• Either novel could stand alone, but they also fit well together

Cons: 

  • Both books can be slow, even in the action-y parts.  It took me a while to get through them.
  • The magic system is interesting but not laid out as clearly as I would like, and so one of Sorcerer’s magic-related plot twists came out of nowhere to me 
  • Sorcerer has a terrible cover that is neither appealing nor informative.  True Queen greatly improved in that regard, but I would love a reprint with better, coordinating covers.

Hope you guys can check these out; happy reading!

 

Two Monarchies Sequence by W.R. Gingell

You may have noticed that I love fairy tales and fairy tale retellings.  So how about a whole series of them?!  W.R. Gingell delivers with the Two Monarchies Sequence, a lovely fantasy series with many fairy tale inspirations.  For the most part, these are not straight retellings, but rather stories that take a recognizable fairy tale concept and twist it all around.   The result is a series that feels comfortably familiar yet at the same time keeps you on your toes.

Also, if you judge books by their covers, these ones are gorgeous.

The series is set in the titular two monarchies, Civet and Glause, two countries whose history is…complicated to say the least.  There is also some time travel involved in several spots, which does not help clear things up! The series begins with Spindle, obviously inspired by Sleeping Beauty, in which Polyhymnia is awakened not by a prince, but by an absentminded-genius enchanter named Luck…and that’s just the beginning of her troubles.  Next follow Blackfoot (with some hints of Puss in Boots) and Staff and Crown, which follow unlikely hero Annabel’s path to the throne of New Civet.  

The last book, Clockwork Magician, will be released this week; it features Annabel’s friend and budding magician Peter, who is in truth a fairly annoying person, yet the author somehow manages to make him lovable.  That’s a kind of magic all on its own!

Also in the sequence is Masque, a murder mystery inspired by Beauty and the Beast; though this one is chronologically last, I actually read it first!  It’s one of my favorite BatB stories of all time. There is also a Little Red Riding Hood story, Wolfskin, in the same setting, though it does not cross over with any of the other stories.

What do all these great stories have in common?  Excellent quirky characters that will come to feel like friends, an intriguing system of magic, some mystery and thrills, and some lovely romance.  Occasionally it feels like the story or characters are moving a bit too fast to catch, but a touch of confusion is part of the charm of these books.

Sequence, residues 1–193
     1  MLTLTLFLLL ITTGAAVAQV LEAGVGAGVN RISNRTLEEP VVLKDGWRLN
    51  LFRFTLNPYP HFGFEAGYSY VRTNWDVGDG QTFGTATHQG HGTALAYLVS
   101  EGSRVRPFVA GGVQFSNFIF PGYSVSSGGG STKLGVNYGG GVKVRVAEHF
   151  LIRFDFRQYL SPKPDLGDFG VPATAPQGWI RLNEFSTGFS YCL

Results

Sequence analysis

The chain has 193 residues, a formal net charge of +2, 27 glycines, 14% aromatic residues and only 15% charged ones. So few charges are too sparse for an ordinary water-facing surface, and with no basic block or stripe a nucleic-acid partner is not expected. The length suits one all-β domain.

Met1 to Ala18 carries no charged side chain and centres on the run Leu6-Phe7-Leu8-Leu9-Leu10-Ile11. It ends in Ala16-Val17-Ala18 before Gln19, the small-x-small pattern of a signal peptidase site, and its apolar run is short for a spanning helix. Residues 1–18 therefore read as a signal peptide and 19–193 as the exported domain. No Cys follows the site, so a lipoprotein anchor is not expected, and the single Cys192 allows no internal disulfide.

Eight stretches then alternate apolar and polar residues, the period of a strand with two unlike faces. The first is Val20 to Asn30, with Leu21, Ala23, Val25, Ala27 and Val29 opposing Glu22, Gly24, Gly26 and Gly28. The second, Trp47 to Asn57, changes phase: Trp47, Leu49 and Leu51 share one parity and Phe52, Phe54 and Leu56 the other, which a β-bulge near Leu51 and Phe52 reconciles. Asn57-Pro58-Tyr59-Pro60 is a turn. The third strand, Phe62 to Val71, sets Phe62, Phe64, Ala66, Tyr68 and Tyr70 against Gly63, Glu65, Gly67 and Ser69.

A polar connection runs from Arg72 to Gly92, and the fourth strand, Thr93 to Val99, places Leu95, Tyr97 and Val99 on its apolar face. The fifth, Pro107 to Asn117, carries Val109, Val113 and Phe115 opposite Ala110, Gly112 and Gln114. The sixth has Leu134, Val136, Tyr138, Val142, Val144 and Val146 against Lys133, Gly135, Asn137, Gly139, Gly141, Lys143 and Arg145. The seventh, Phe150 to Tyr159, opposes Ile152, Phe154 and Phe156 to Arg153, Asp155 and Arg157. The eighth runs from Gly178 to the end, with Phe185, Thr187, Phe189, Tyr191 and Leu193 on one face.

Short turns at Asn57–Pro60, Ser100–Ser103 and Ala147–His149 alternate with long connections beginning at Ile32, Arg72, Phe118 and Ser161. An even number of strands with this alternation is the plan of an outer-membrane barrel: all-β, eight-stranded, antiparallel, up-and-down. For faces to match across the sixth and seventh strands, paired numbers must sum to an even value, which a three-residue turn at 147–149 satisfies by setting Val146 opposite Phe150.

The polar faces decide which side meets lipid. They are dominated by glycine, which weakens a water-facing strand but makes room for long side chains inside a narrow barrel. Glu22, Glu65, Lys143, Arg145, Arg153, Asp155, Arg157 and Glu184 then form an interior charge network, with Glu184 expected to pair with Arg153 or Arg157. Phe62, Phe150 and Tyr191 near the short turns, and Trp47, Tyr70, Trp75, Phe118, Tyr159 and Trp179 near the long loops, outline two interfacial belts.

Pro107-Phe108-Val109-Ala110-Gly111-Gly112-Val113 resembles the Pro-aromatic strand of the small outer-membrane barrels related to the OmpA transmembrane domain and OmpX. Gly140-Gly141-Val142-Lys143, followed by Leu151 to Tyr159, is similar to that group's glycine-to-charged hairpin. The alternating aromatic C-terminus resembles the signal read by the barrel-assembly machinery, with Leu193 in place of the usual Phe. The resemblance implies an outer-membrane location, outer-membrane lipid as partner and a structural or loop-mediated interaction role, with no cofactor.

This series was my first introduction to Gingell’s writing, and it quickly made me a fan.  I’m sure it will do the same for my fellow fairy tale-lovers!

Fan Art Friday: Celestial Balance

Elf

Here is a fun little elf sketch from my high school sketchbook!  I drew this in conjunction with a short story I wrote around the same time, “Celestial Balance.”  The elf in the story has curly hair, but there was no way I was going to be able to draw that!

Keep reading for the story!

Continue reading

Shards of a Broken Sword trilogy by W.R. Gingell

I’m back with further recommendations from Tasmanian indie author W.R. Gingell.  I’ve already raved about her urban fantasy series, but if you prefer good old classic fantasy with elves and magic, check out her Shards of a Broken Sword trilogy.

This entertaining series of short novels has a lot to recommend itself.  It’s a very solid fantasy series, with a good system of magic and worldbuilding.  You’ll see some fairy tale tropes mixed in, but the stories give them some twists so that it feels more like original fantasy than a retelling.  In addition to fantasy, each has a bit of mystery/intrigue and romance. To break down each book a little further…

Twelve Days of Faery 

To start the series, an enchantress agrees to help a king stop the deadly curse that is being laid on any lady who catches his son’s eye. Her reward will be the prince’s hand, but is that what she really wants?  This book sets the stage for the trilogy by establishing some conflict between humans and fae, and uncovering the first shard of the titular broken sword. It’s also an engaging mystery with charming characters.

Fire in the Blood 

Next, a prince and his dragon must solve level after level of puzzles to free a princess from her imprisonment in a tower…but not all is quite as it seems at first. This one is my personal favorite, mostly because I loved all the puzzles in getting through the tower.  I also really liked how the dragons were done, as well as the subtle Asian/Middle Eastern influence. And I adored the princess’s crazy family and would love more stories about them.

First Chill of Autumn 

An epic conclusion that brings together characters from the first two novels, as a young woman tries to save her kingdom from a Fae invasion.  This one is the most complex, and the ending is bittersweet. For that reason I didn’t like it quite as much, though I think it is probably a stronger story for it.

As you may have inferred, each of the first two books can be read as a stand-alone, while the third one brings together themes and characters from each of the first two.  The characters are so engaging you will definitely want more of them. You can get the books individually or buy the whole series together (plus a short story) on Smashwords for $6.99.  There’s even a paperback version available on Amazon (but it’s expensive😢).

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Happy reading!